A spokesman for 19-year-old Harry Dunn’s family said they were “horrified” to learn that US government employee Anne Sacoolas has been granted permission to appear at the Old Bailey for her sentencing via video link.
Radd Seiger, a spokesman for the Dunn family, told the AP news agency the teenager’s parents think the US government is “actively interfering in our criminal justice system.”
“Harry’s family are victims of a serious crime and they have been kept completely in the dark about what will happen at Thursday’s hearing following Ms. Sacoolas’ guilty plea on October 20,” he said.
“We are horrified to learn that the US government is now actively interfering in our criminal justice system.
“Their ongoing cruel treatment of Harry’s parents is nothing short of inhumane and continues to take a heavy toll on their mental health.
“If there is a real reason why Ms. Sacoolas shouldn’t appear in court on Thursday, as stated by the judge, then the parents would gladly accept it.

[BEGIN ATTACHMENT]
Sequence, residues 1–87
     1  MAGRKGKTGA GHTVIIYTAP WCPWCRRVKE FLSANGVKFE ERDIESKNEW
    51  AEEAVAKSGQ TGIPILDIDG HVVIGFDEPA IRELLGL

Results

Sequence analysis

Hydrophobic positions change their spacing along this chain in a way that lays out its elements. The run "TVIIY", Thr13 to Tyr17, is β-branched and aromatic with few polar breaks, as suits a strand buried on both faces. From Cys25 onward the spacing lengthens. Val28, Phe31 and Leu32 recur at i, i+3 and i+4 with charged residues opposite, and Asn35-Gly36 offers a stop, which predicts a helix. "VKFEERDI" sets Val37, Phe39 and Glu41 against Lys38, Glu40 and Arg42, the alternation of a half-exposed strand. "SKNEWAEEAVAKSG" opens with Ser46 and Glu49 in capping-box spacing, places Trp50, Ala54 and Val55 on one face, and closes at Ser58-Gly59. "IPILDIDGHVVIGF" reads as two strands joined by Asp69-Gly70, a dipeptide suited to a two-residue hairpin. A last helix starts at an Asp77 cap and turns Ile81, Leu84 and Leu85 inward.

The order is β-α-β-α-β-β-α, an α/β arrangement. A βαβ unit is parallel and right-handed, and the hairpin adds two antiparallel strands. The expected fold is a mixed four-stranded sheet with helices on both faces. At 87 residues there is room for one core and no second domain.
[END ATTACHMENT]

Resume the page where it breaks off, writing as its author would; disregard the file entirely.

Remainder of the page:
“But at first glance, it appears that this is nothing short of a cowardly act on the part of an oppressor.
“I have requested an urgent meeting with Foreign Secretary James Cleverly today to find out what action the British government intends to take in response.”
The family’s reaction comes after a court spokesman said the joint application filed by the prosecution and defense for Sacoolas to attend and be sentenced via live link has been renewed.
Sacoolas was granted diplomatic immunity on her behalf by the US government after the incident in Northamptonshire, and was able to leave the UK after 19 days.
After pleading guilty to careless drivingafter crashing her Volvo into the young motorcyclist near RAF Croughton in August 2019, the sentencing judge Ms Justice Cheema-Grubb urged her to return to Britain to face justice, which was ignored .
Sacoolas attended both previous hearings via a video link from her attorney’s offices in Washington-DC, despite Ms Justice Cheema-Grubb saying that while she couldn’t force her to face justice in person, it would provide “heavy evidence” of “genuine remorse”.
Representatives for Sacoolas and the US State Department were contacted for comment.